India’s countless fragrances, visual impressions and the chaotic order let go easily when I am back in the ordered world. I go outside for a smoke in the cold of winter when we arrive at Gardermoen. The cold tells me I am home again. The plane trip from Delhi to London was smooth. We got to sleep lying horizontally on three seats, there was much room in the plane. Already on the airport express train I get slide into it, it is almost like travelling into some sort of Pushwagner vision, but I will not let go of Mother India yet. The last nights were spent in Old Delhi, more precisely at Hotel Al-Haram. Clean and affordable rooms with functioning hot water, finally. The hotel is situated next to a mosque and The Red Fort, most of the people living in Old Delhi are muslims. Crowded with people, trade and traffic in the streets. While on the tram from Nationalteateret to Skillebekk I see the street life in Tigerstaden, here many people walk alone and everyone in their own world, in Delhi everything seemed more woven together.
We spent two nights and a day in Old Delhi. During daytime we wandered in the narrow streets surrounding the hotel. People are trading everywhere. We saw living chickens in cages outside dining places, it is hard to find fresher chicken. Outside some of the dining places there were homeless and poor people sitting in groups. I was told that the guests could give something to the poor, and most of them got a meal during the morning. A Muslim tradition that helps. Social security offices and institutions are not available here, so they have old systems which helps.
It is good to meet the people in the reception, friendly and kind Muslims. I ask if I can take a few photos of them, no problem. No sooner said than done. These are Muslims who does not mind being photographed, something Muslims often object to, they say one steal something from their soul if one photograph them. Muslims in India account for about 14 % of the population. I have been told that most of them are Sufis, a mystic and special branch within the Muslim tradition. They are not fundamentalists like the ones in Pakistan and other Muslim nations. It should not be concealed that there have been numerous bloody conflicts between the different religious groups in India, but most of the time this multi-faceted society works well.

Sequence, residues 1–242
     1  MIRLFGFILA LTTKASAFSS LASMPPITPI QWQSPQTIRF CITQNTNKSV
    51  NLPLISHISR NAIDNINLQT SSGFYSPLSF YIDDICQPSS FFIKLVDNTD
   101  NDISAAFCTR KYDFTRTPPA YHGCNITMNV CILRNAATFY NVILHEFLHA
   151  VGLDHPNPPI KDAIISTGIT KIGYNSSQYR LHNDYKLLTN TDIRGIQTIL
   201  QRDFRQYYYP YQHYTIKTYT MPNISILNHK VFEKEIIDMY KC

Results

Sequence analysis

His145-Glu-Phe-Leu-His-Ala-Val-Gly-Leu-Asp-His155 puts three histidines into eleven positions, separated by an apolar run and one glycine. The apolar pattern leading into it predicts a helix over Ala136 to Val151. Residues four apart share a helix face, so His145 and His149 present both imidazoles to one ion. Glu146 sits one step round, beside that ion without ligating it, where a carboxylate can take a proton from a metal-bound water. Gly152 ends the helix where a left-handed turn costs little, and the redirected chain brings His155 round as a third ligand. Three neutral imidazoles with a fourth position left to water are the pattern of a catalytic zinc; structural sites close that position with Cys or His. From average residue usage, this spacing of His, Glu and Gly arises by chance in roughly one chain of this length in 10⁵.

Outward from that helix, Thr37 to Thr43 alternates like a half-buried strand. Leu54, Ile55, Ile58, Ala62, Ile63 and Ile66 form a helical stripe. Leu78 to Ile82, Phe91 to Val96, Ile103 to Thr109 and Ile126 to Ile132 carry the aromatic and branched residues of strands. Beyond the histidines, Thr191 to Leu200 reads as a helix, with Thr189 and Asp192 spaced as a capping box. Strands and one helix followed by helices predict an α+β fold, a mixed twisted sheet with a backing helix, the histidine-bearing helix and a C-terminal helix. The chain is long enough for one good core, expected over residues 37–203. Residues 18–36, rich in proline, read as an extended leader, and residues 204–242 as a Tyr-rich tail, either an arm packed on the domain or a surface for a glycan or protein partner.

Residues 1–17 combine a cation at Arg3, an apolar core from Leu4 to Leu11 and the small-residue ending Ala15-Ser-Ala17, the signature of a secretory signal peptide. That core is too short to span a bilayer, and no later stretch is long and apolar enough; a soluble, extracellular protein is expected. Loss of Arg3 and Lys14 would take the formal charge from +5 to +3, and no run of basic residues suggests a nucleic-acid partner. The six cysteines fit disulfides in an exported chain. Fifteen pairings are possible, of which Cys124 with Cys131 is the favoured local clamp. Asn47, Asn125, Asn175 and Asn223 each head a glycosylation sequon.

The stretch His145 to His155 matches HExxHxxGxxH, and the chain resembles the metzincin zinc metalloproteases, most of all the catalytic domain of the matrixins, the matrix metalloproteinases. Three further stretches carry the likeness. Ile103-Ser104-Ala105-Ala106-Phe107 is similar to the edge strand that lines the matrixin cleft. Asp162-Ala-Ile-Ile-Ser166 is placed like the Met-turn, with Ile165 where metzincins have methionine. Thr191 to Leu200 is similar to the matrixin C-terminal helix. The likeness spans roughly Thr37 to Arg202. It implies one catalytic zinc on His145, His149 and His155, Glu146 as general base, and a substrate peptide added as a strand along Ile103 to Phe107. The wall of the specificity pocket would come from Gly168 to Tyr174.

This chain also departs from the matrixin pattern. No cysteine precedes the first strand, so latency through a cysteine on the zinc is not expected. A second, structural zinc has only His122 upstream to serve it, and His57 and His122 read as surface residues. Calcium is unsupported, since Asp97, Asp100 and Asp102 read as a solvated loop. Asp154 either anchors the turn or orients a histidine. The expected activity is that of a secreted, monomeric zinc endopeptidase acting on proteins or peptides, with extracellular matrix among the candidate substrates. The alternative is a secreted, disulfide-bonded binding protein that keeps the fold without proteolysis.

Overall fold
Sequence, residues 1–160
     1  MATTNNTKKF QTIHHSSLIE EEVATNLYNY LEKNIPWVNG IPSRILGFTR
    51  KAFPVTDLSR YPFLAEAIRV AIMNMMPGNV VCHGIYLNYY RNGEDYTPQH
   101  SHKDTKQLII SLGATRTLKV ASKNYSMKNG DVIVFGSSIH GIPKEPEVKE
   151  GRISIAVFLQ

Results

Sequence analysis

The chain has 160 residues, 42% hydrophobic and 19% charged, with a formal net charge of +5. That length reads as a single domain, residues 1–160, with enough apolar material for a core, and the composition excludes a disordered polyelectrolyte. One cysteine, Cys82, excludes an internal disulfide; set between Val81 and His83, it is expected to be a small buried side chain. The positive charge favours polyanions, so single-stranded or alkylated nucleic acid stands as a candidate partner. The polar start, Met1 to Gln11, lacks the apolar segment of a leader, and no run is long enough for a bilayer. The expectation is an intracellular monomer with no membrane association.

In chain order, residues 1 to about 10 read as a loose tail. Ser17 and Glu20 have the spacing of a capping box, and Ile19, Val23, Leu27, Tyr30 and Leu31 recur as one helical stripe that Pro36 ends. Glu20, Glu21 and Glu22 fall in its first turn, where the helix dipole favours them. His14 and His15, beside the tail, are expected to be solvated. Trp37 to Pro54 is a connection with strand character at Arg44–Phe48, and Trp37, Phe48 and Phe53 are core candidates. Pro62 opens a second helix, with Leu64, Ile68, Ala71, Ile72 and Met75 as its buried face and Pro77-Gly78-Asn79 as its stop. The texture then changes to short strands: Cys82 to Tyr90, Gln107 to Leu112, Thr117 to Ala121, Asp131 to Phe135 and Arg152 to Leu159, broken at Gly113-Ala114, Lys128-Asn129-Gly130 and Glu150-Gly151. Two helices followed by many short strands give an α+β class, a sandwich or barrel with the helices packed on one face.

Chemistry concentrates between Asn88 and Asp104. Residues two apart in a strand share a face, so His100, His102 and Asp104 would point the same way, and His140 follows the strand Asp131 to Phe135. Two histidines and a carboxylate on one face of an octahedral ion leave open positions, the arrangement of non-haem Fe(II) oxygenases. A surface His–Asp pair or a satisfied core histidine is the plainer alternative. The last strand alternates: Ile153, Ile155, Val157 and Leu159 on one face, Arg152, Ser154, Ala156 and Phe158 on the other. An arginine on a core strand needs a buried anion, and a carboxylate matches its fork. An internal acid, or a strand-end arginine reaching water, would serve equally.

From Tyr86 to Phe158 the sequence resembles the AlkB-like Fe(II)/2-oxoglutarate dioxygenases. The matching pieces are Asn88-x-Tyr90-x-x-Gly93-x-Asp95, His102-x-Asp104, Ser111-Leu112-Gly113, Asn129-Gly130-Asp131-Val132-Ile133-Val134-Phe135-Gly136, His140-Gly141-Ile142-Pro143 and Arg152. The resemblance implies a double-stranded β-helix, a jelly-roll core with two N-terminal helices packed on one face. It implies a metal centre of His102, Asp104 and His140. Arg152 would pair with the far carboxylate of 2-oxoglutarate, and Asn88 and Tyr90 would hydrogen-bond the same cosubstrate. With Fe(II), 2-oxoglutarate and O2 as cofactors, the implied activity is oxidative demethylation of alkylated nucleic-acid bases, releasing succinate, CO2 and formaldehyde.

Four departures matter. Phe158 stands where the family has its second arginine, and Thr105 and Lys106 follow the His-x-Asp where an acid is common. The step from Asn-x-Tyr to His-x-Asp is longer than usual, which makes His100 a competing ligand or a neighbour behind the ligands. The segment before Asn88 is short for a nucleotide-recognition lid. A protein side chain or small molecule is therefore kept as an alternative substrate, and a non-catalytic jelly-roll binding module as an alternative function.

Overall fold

Time flies, and it flies fast. I have already been 12 days and nights in Oslo when I write this part of the text. The programme was tight when I arrived to the city. The first thing was an exhibition at the University square in Oslo, during the Human Rights Week 2011. The topic was Persecution and I exhibited Roma photos from Romania.
The thoughts still wander back to India. I miss the warmth, not only the meteorological warmth, but also the human heat. Yeah, because one also experience lots of human warmth during a journey in India. Generations travel together and there are people everywhere, an anthill of pyjamas wearing men and women dressed in colourful saris, and the children follow along. A different rhythm, a different life than here.
I see Rolling Stones sells t-shirts through Dressman in Norway now. Is the world going forward or backwards? I can not find and answer, but it clear that the Stones has become more accepted, or perhaps it is Dressman who have become more rocked? In India I was offered a t-shirt with a print of Adolf Hitler, everything is for sale in India. Money talks, and the t-shirt sale in Norway probably gives Stones more dough in their already filled accounts.
During the last night in Old Delhi I drank tea with the poor people next to the entrance to Hotel Al-Haram. Only men are outside during these hours. They gathered around me and I offered some of them filter cigarettes and tea. More people arrived, and soon my pack of cigarettes was empty, and I got some beedies, these handmade cigarettes people smoke in India. Good vibrations. I took some photos of the men before I went to bed for the last night in India.
Mother India did never let go when I was back in Oslo. Perhaps with good help from Tudor Lakatos, my Gypsy and Roma-friend from Romania. The Roma people originated from India and they have kept much of the Indian energy. He is a troubadour and we are going to Trondheim with a commission for the Kulturelle Skolesekken (The Cultural School Bag). We are going to photo and music lectures about Gypsies, or more correctly the Roma people, for 9th graders. So this is a journey that never ends.
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